BOSTON HEIGHTS — Federal agents say they have made what is “believed to be the largest seizure of meth in Ohio history,” after uncovering an alleged manufacturing operation on Olde Eight Road, according to the U.S. Department of Justice. The investigation involved a motel in Macedonia and a pair of Mexican nationals living at the Residence at Barrington Apartments in Aurora.
Cleveland resident Tyrone Rogers, 36, and Hector Manuel Ramos-Nevarez, 26, and Gilbert Treviso-Garcia, 24, both from Mexico, are charged with conspiracy to possess with intent to distribute methamphetamine, according to a Justice Department press release issued Tuesday.
They were arrested March 24 in Aurora after DEA agents seized approximately 82 pounds of crystal meth and about 60 pounds of liquid meth from in a multi-tenant building located at 7592 Olde Eight Road, about a half mile north of the Brandywine Road intersection.
Keith Martin, DEA assistant special agent for the Northeast Ohio District, said Tuesday that Boston Heights police assisted in the warehouse’s search and Aurora police assisted in the arrests.
He said the seizure represents “hundreds of thousands of dollars worth of meth.”
Martin said the three men are in the custody of the U.S. Marshal’s Service.
According to court documents, Rogers traveled from Cleveland to the La Quinta Inn in Macedonia in March, where he picked up two men later identified as Ramos-Nevarez and Treviso-Garcia. Together, they traveled to a residence at 226 Barrington Place East in Aurora. Rogers several times drove the two men between Barrington Place East and the location on Olde Eight Road, which appeared to be a crystal methamphetamine processing facility used to make, package and distribute the drug.
Authorities used a delayed-notice warrant — meaning no notification was left that they had entered and seized 82 pounds of crystal meth from the Olde Eight Road location. Authorities said they later listened to phone calls between the men in which the men speculated about who had broken into the facility. They said Rogers got the “green light” from an individual believed to be a Mexican supplier, to kill the person Rogers believed stole his drugs. Rogers said people were going to “knock his head in,” according to court documents.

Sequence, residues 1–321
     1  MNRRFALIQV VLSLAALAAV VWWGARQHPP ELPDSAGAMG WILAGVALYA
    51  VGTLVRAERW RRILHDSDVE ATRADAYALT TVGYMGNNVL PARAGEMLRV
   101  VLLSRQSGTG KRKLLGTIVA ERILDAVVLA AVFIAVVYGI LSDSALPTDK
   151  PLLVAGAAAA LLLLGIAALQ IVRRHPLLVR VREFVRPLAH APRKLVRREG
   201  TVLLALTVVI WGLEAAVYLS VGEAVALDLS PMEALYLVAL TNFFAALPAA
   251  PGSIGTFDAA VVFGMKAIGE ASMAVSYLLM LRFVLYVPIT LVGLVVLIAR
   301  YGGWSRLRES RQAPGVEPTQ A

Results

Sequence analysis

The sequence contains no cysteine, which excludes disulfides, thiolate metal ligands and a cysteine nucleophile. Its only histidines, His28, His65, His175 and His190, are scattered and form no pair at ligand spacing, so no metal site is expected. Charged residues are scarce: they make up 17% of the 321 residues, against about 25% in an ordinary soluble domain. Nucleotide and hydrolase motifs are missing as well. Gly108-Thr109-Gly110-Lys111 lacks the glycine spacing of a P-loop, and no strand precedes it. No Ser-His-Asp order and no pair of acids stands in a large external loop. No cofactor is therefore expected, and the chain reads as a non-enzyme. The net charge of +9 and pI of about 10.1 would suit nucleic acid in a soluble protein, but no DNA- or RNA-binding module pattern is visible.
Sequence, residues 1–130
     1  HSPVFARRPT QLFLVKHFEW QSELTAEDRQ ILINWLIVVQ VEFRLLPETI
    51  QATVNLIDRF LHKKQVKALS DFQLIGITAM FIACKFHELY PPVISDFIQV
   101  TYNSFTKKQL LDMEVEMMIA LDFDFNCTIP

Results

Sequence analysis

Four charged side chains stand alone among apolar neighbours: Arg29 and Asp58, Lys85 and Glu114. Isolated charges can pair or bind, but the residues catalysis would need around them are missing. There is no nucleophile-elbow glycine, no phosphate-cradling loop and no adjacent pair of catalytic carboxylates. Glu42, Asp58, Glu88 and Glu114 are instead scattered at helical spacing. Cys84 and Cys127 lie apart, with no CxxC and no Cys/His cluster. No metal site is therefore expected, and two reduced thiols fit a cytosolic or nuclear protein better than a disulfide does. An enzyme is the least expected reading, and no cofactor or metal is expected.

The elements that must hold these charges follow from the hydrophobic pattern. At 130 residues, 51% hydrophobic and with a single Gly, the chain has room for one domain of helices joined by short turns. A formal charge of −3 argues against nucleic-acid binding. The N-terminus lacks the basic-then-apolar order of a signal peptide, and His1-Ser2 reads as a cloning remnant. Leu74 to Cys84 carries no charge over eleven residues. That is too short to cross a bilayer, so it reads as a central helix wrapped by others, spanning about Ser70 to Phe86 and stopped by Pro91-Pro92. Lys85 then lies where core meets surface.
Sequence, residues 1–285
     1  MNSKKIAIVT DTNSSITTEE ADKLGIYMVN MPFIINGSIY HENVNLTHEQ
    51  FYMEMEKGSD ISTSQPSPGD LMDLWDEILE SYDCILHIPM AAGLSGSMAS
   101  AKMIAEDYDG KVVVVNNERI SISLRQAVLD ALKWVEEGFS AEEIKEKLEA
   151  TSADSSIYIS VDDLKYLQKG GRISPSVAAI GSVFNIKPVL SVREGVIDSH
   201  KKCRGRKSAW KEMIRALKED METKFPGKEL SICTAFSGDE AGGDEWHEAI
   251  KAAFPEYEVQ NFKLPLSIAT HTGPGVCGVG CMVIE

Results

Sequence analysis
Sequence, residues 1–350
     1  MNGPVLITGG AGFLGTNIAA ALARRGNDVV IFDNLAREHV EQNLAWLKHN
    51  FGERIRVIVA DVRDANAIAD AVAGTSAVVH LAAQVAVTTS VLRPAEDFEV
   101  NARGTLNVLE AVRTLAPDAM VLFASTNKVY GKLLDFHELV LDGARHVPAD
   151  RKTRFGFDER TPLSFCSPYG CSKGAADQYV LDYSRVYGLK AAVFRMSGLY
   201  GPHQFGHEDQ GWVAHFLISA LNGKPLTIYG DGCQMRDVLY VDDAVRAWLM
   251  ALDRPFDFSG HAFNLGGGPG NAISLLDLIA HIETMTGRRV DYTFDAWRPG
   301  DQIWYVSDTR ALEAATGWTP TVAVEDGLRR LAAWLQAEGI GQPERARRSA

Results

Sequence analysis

Martin said Aurora police, in cooperation with federal investigators, arrested Rogers, Ramos-Nevarez and Treviso-Garcia on March 24. It was believed they were going to kill the person they incorrectly believed took the drugs. Investigators later found the additional 60 pounds of liquid meth during a second search of the Olde Eight Road building. A search of other locations associated with Rogers resulted in the seizure of four firearms, according to court documents.
“This is a pretty big deal because of the amount,” said Martin. “It’s a large amount of meth and we’re sending a strong message to the cartel that if you’re bringing your dope into Ohio, we’re going to get it and we’re going to put your people in jail.”
The methamphetamine case is being investigated by the Cleveland DEA Task Force, which includes representatives from the Lake County Narcotics Agency, Cuyahoga County Sheriff’s Office, Euclid Police Department, Aurora Police Department, Summit County Sheriff’s Office, Boston Heights Police Department, Cleveland Heights Police Department, Cleveland Division of Police, Ashtabula County Sheriff’s Office, Ohio State Highway Patrol, Ohio Bureau of Criminal Investigation and U.S. Border Patrol. It is being prosecuted by Assistant U.S. Attorney Marisa T. Darden.
“We didn’t just stumble on these guys,” said Martin. “This is something we've been working awhile.”
Authorities say the seizure of the meth came the same week another Mexican national was arrested with approximately 44 pounds of heroin on Route 8 in Akron. Octavio Barragan-Manzo was indicted Tuesday on one count of possession with intent to distribute heroin.
Barragan-Manzo was arrested on after he was found with 20 kilogram-sized packages containing heroin during a March 21 traffic stop, according to court documents.
An Ohio State Highway Patrol canine positively alerted to the presence of drugs. Law enforcement officers then located 20 brick-shaped objects which later tested positive for heroin. A subsequent search of a location in Akron resulted in the seizure of three pistols, a rifle and a shotgun, according to court documents.
The Barragan-Manzo case was investigated by the DEA, Akron Police Department, Ohio State Highway Patrol, Summit County Sheriff’s Office and the Ohio Organized Crime Investigations Commission. It is being prosecuted by Assistant U.S. Attorney Henry F. DeBaggis.
Jeff Saunders can be reached at 330-541-9431, or email@example.com.